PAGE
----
Adam’s Great Dilemma

In the Garden of Eden, the tragic fall of man is displayed as Adam disobeys God and eats fruit he was told not to eat. The account tells of his wife, Eve, being convinced by a serpent that she could eat the fruit that Adam had been told not to eat, of her eating the fruit and of her offering it to her husband. Within the story, there is a moment when the temptation is fresh and the fruit is not yet eaten.

The modern understanding tells that in that moment Adam failed in his leadership role and did not protect his wife from the serpent’s temptation. Free Northerner describes Adam’s behavior as Beta, supplicant to women, instead of Alpha, leading women.

Here Adam displays a stunning lack of leadership and betaness leading to the fall.

First, while he is with her, he allows his helper to be tempted by the serpent, who is under his dominion, and he does nothing. He takes no leadership over either his helper or the one he rules.

Second, he then allows his helper to convince him to violate his duty. He falls into the woman’s frame and allows her to lead him against his own principles and duty.

The problem with blaming Adam for Eve’s temptation emerges when we ask the simple question of what were Adam’s available responses. Eve’s eating of the fruit would put her at odds with Adam, disrupting their union, with Adam having not eaten the fruit where Eve had. To prevent the shattering of their marriage that would follow, Adam would have had to act. I thought of four possible responses to the temptation before Eve.

1. He could have argued with the serpent, engaging in open debate. But God had already told Adam clearly the boundaries he was not to cross. It is implied that Adam, being the male authority, passed on God’s command to his wife. She knew the command; rhetoric would have solved nothing. Adam could have challenged the serpent with God’s command, but the command had already been given, so it would have fallen back into arguing.

2. He could have destroyed the snake through which the devil was speaking in an attempt to cut Eve of from the temptation. Given that there were other animals available for such manipulation, he would have again merely delayed the inevitable. The thoughts of doubt and temptation were already in Eve’s mind.

3. He could have physically pulled Eve away from the tree, using violence to keep her from eating the fruit. This would have destroyed the benevolent and poetic union they had, making Eve a prisoner instead of a wife. The desire for the fruit would be her will and Adam’s physical threats would only cause a rift between them, solved only with pacification by force. It would only shorten the delay to the inevitable when she fled from his violence.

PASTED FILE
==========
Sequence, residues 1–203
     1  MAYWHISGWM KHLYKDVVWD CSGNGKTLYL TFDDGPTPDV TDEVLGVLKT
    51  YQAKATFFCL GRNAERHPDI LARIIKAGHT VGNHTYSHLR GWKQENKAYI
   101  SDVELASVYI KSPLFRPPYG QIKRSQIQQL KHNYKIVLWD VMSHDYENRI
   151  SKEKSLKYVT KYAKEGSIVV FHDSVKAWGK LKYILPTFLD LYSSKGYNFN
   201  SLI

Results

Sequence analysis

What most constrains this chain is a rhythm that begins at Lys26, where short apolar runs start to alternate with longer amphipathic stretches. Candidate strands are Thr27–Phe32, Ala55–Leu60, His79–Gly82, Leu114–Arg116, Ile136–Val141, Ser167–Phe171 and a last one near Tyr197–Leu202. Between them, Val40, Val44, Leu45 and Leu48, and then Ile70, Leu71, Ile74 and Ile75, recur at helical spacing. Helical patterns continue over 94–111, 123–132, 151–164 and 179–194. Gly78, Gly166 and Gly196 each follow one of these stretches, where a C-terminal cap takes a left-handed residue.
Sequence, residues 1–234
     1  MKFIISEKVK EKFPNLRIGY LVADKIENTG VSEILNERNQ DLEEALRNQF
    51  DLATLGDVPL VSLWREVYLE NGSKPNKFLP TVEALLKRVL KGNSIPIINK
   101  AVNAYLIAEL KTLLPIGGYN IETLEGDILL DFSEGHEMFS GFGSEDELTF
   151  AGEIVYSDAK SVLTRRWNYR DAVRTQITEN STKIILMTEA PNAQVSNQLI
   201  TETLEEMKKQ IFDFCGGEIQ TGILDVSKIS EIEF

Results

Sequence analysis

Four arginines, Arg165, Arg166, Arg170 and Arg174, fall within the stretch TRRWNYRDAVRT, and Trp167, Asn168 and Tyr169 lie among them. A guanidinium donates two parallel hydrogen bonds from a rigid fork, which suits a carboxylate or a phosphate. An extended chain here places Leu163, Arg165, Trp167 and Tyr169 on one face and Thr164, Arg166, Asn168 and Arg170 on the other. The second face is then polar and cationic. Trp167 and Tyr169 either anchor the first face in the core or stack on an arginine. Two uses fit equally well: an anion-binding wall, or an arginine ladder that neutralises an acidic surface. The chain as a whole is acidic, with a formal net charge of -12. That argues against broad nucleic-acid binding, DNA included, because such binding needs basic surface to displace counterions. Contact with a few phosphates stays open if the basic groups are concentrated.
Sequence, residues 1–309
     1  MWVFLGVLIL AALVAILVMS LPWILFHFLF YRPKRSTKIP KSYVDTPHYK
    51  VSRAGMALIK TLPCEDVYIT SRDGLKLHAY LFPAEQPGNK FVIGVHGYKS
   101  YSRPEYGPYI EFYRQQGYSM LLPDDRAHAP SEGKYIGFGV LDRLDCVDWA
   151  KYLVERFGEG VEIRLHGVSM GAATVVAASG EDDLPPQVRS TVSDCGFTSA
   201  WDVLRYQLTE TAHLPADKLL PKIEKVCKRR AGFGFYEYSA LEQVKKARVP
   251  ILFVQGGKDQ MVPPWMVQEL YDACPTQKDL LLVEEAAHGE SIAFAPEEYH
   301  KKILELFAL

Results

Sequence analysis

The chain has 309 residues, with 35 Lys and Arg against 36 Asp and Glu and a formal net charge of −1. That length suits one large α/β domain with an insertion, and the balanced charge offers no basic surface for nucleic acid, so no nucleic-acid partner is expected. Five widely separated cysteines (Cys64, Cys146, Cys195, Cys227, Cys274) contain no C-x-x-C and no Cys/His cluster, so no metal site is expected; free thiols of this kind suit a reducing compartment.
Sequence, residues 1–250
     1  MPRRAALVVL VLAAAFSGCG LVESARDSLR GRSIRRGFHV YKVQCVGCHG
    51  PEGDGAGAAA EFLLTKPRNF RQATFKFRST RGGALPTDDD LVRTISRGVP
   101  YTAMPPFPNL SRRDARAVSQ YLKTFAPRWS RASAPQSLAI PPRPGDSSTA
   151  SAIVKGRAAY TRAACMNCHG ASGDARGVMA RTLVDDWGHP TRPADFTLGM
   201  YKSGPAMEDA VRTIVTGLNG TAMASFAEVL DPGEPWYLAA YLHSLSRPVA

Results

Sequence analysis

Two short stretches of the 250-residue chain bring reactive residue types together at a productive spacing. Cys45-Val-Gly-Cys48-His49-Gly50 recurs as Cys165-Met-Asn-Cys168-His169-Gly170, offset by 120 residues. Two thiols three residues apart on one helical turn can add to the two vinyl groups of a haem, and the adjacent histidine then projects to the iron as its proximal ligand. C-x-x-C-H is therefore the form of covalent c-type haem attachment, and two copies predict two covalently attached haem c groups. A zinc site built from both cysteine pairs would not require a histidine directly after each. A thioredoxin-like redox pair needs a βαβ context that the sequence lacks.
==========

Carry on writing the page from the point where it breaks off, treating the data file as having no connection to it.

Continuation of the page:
4. Finally, he could have made grand gestures of pleading and wooing in an effort to win her affection away from the fruit. This, though, would have put him in a position of complete servitude to her whims and wants, always working overtime to keep her from wanting the fruit. Eve would have been given a point of threat over Adam so that he had to please her continually in hopes that she would not eat the fruit. It would hopefully delay the inevitable, hopefully forever.

The option that Adam went with was to preserve the marriage by surrendering to her rebellion and eating the fruit to please her. The penalty for eating the fruit was death and Adam would have had to face loss of the marriage, the loss of the woman. Eating the fruit spared him the pain of losing bone of his bone and flesh of his flesh.

There were two other options, of course.

1. Adam could have separated himself from his wife, disowned her as bone of his bone and flesh of his flesh, abandoned the union, suffered the loss and sought God’s comfort in the midst of a heartbreaking dilemma. This would have turned him away from listening to his wife’s voice and kept him in obedience to God’s voice. The fall would not have happened.

2. Eve could have turned away from the serpent and meekly submitted to the protection and authority of her husband’s voice and God’s command. It also would have kept Adam from disobeying God’s voice. The fall would not have happened.